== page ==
Preprint Hypothesis Version 1 Preserved in Portico This version is not peer-reviewed

Lysosomotropic Active Compounds—Hidden Protection against COVID-19 / SARS-CoV-2 Infection?

Version 1 : Received: 4 May 2020 / Approved: 5 May 2020 / Online: 5 May 2020 (04:29:48 CEST)

How to cite: Blaess, M.; Kaiser, L.; Sauer, M.; Deigner, H. Lysosomotropic Active Compounds—Hidden Protection against COVID-19 / SARS-CoV-2 Infection?. Preprints 2020, 2020050061 (doi: 10.20944/preprints202005.0061.v1). Blaess, M.; Kaiser, L.; Sauer, M.; Deigner, H. Lysosomotropic Active Compounds—Hidden Protection against COVID-19 / SARS-CoV-2 Infection?. Preprints 2020, 2020050061 (doi: 10.20944/preprints202005.0061.v1).

Abstract

The COVID-19 pandemic is one of the largest challenges in medicine and health care worldwide in recent decades, and it is infecting and killing increasing numbers of people every day. In this paper, we discuss the possible relationships among lysosomotropism, increasing lysosomal pH, and the SARS-CoV-2 infection and disease process, and we deduce a possible approach for treatment and prophylaxis. Lysosomotropism is a biological characteristic of small molecules, such as (hydroxyl)chloroquine, amitriptyline, NB 06, or sertraline, which is present in addition to intrinsic receptor-mediated or enzymatic pharmacological effects. Lysosomotropic compounds affect prominent inflammatory messengers, such as IL1B, CCL4, CCL20, and IL6, as well as cathepsin L dependent viral entry (fusion) into host cells. Therefore, this heterogeneous group of compounds is a promising candidate for the prevention and treatment of SARS-CoV-2 infections, as well as influenza A infections and cytokine release syndrome (CRS) triggered by bacterial or viral infections. Patients who have already taken medications with lysosomotropic compounds for other pre-existing conditions may benefit from this treatment in the COVID-19 pandemic. Increased lysosomal pH levels play an important role in the disease process in common skin disorders, such as psoriasis and atopic dermatitis, thus suggesting that affected individuals might benefit from their particular conditions in the COVID-19 pandemic. We suggest data analysis of patients with these diseases, and who are treated with lysosomotropic compounds, and, if the results are promising, subsequent clinical testing of off-label therapy with clinically approved lysosomotropic compounds in the current COVID-19 pandemic and future influenza A pandemics.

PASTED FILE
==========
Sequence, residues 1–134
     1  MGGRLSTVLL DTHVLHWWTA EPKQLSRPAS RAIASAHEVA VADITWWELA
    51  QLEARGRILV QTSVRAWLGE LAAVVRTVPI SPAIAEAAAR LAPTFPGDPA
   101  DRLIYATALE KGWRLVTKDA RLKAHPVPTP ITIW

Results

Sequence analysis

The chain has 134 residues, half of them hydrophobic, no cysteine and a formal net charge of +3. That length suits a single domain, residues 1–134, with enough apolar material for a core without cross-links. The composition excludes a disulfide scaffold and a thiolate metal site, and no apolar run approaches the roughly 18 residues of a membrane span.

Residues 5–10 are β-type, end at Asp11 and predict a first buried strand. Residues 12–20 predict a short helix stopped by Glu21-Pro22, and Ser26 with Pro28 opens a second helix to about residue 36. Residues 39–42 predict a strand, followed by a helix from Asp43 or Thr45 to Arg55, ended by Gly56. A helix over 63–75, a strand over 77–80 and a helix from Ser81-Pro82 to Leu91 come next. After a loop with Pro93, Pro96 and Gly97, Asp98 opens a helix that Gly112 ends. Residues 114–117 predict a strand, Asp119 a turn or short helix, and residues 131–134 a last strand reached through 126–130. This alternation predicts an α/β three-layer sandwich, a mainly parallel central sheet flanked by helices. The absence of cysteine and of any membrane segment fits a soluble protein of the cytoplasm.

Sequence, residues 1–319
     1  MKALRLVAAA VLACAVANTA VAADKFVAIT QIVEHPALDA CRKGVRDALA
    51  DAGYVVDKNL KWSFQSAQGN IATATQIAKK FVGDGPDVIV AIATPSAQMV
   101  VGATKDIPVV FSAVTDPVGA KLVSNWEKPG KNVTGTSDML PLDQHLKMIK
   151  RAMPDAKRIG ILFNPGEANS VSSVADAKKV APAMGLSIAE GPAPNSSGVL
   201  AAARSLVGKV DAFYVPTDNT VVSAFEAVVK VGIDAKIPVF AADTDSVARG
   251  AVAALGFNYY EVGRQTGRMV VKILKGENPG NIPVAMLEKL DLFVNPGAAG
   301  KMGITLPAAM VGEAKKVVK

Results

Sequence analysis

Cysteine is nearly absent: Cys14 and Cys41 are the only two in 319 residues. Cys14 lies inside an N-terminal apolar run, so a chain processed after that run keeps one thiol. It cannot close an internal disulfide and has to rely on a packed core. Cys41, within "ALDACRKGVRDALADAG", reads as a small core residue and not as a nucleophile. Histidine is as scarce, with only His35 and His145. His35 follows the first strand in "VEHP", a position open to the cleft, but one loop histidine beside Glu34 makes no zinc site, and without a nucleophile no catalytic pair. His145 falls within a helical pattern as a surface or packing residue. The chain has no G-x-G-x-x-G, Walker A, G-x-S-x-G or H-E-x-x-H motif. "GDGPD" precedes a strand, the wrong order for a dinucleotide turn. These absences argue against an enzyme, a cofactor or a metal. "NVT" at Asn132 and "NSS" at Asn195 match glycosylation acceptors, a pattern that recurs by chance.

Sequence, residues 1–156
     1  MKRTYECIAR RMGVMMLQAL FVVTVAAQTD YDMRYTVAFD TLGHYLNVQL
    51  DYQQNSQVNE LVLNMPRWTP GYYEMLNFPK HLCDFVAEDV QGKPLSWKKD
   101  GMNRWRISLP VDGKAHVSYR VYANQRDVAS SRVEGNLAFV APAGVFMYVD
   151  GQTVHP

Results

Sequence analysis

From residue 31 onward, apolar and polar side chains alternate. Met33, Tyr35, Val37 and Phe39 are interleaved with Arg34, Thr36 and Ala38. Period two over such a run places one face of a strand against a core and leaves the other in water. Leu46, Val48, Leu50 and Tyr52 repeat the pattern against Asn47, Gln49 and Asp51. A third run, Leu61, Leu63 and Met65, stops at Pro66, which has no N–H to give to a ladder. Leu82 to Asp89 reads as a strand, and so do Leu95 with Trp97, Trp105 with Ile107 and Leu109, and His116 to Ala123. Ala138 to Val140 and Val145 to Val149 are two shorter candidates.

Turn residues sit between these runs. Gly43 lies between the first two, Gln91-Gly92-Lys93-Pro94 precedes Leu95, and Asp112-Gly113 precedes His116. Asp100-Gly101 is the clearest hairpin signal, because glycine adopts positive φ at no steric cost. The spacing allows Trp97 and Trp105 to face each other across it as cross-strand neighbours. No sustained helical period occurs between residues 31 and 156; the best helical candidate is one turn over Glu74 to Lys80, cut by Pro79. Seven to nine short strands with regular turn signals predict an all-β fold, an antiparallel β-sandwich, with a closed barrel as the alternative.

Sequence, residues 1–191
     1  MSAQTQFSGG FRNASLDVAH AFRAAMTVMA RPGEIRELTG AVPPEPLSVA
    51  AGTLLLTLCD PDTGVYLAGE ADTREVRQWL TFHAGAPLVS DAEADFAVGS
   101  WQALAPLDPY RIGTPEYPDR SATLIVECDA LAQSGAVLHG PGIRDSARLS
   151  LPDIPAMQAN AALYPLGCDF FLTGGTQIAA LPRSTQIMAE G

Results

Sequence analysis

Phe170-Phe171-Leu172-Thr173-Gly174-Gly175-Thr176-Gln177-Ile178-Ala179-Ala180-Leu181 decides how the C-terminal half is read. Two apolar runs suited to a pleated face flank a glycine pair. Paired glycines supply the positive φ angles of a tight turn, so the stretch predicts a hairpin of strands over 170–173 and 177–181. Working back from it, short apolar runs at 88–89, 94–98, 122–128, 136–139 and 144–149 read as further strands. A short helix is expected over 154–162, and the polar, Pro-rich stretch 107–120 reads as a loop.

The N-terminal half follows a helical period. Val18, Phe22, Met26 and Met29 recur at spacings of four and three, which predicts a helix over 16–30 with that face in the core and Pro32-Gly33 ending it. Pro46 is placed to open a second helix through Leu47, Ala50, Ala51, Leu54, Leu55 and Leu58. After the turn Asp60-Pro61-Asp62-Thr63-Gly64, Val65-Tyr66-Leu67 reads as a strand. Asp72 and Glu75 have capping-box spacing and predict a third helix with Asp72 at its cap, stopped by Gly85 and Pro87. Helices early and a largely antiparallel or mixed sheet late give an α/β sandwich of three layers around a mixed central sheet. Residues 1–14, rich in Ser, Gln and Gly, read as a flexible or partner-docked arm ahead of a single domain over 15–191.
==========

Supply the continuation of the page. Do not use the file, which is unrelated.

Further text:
Subject Areas

SARS-CoV-2; COVID-19; Lysosomotropism; Chloroquine

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